The Car and Truck Fleet and Leasing Management Magazine

AAA Offers 10 Ways to Child-Proof a Vehicle

September 25, 2008

ORLANDO, FL --- As a kick-off to National Child Passenger Safety Week, AAA offers 10 ways to help keep children safe in vehicles. 

Motor vehicle crashes are the leading cause of death for children ages two to 14, and the leading cause of injury-related death for children under age two, according to the National Highway Traffic Safety Administration (NHTSA). In 2006, on average, three to four children were killed each day and more than 500 were injured as occupants in motor vehicle crashes. 

Here are 10 Ways to child-proof a vehicle:

1. Secure loose items -- Loose items such as purses, briefcases, laptops,  CDs and umbrellas can potentially become flying projectiles during a sudden stop or crash. Make sure any items in your vehicle -- including those in both the front and back seat areas -- are secured to avoid harming vehicle occupants. A 10-pound laptop bag can have 300 pounds of force in a 30 mph crash.

2. Use child locks -- Be sure to engage child safety locks on the vehicle doors to keep children from opening the door while the vehicle is in motion. 

3. Use correct safety restraint -- Always use the safety restraint system appropriate for a child's age, height and weight. There are four stages of safety restraint systems: Rear-facing child safety seat; forward-facing child safety seat; booster seat; and lap and shoulder belts. Assistance in identifying the correct safety restraint for a child based on age, height and weight is available at

4. Install seat correctly -- Three out of four child safety seats are improperly installed, according to NHTSA. When installing a safety seat, be sure to read the installation instructions thoroughly. It's best to have a seat checked by a certified technician. You can find a local technician at Prior to purchasing a safety seat, parents can find information on how easy particular safety seat features are to use and properly install from NHTSA's ease-of-use ratings.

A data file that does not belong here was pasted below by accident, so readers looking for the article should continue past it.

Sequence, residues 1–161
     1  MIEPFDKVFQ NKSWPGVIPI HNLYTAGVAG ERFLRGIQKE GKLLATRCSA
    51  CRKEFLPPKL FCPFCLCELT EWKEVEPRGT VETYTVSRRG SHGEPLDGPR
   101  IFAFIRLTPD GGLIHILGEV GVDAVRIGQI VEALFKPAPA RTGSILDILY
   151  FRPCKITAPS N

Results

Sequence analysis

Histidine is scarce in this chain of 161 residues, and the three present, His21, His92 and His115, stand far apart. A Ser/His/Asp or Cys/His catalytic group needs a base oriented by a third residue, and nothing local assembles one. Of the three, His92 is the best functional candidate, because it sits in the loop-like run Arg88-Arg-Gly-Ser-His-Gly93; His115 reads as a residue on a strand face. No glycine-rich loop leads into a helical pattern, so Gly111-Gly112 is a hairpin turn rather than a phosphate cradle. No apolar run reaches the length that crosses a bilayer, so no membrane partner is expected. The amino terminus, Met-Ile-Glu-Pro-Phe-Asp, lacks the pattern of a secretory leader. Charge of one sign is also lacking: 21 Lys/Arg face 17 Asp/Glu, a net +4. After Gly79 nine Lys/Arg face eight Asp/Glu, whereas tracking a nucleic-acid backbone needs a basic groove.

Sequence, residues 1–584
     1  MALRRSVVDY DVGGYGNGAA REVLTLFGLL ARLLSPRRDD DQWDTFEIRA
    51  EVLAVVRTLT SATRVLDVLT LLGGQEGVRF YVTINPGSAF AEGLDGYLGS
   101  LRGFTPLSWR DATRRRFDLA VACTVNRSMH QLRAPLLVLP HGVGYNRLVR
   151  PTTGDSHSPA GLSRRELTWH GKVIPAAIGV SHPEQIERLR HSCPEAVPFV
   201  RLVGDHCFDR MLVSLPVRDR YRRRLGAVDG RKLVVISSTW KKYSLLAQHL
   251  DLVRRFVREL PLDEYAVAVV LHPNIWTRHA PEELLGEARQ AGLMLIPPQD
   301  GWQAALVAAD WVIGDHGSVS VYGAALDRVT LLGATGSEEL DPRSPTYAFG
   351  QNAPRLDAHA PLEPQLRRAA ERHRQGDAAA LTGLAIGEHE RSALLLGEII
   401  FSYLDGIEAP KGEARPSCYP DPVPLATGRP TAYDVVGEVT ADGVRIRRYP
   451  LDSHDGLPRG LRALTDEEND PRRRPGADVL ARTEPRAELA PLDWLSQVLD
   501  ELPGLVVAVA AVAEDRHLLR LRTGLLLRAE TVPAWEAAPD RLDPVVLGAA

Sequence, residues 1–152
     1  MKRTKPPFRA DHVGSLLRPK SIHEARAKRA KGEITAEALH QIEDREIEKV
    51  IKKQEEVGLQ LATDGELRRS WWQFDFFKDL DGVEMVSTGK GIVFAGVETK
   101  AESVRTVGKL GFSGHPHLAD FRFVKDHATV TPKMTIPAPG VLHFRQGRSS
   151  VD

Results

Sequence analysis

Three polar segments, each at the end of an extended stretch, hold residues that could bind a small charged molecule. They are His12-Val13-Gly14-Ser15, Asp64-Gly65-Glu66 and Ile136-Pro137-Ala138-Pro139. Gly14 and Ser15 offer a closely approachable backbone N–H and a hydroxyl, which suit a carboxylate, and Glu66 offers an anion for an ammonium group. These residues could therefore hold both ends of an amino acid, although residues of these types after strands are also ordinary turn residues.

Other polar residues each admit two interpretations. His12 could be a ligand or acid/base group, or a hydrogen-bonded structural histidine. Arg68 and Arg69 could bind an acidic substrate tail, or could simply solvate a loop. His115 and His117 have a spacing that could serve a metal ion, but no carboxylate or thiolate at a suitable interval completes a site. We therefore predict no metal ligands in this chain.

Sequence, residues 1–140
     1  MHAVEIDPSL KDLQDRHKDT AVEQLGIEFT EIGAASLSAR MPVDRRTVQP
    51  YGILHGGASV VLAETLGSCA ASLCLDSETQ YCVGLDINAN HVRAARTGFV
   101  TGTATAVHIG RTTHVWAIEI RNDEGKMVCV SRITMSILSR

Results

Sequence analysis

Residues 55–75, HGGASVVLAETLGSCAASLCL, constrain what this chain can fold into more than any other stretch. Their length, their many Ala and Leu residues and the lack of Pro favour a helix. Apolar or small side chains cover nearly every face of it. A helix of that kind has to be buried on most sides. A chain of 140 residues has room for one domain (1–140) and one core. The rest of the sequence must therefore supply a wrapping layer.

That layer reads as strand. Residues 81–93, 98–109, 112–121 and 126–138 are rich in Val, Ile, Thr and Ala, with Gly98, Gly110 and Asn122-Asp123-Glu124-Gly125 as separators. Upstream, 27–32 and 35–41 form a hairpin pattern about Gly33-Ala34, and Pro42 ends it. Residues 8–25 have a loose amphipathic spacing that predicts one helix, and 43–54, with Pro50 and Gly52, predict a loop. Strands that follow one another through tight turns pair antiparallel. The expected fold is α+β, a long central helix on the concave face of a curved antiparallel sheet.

When installing a child safety seat with LATCH (Lower Anchors and Tethers for Children), be sure to buckle the unused seat belt prior to installing the safety seat to prevent possible strangulation. Do not install the seat using LATCH and the seat belt together.

5. Position away from air bags -- Children should be positioned away from both front passenger airbags as well as side-impact airbags. All children should be seated in the backseat until age 13. It's best to position children away from side-impact airbags because leaning or resting their head against the airbag when it is deployed could result in injury or death. 

6. Entertain with soft toys -- Give children only soft toys to play with in the vehicle. Hard toys can become dangerous projectiles during a sudden stop or crash. They also can be harmful to other vehicle occupants if thrown by the child while playing.

7. Secure unused safety seats -- Always make sure unused safety seats and attachments are secured in a vehicle. Booster seats or car seats should be buckled up even when they are not in use to avoid becoming airborne during a sudden stop or crash. Unused LATCH and tether attachments from safety seats should also be secured to avoid injuring occupants.

8. Avoid non-regulated products -- Do not use any non-regulated products, such as mirrors, window covers, harness covers or extra padding, that are not recommended by your child safety seat manufacturer. These products or add-on accessories may cause injury to children or other occupants during acrash. 

9. Lock parked vehicles' doors and trunks -- Keep the doors, trunks and hatchbacks locked and the keys out of reach when the vehicle is not in operation to eliminate any risk of children climbing into the vehicle. Children should understand vehicles are not a place to play. 

10. Adult supervision -- One of the best ways to child-proof a vehicle is to always have adult supervision in and around vehicles. Children should never be left unattended in a vehicle -- with or without the engine running. 

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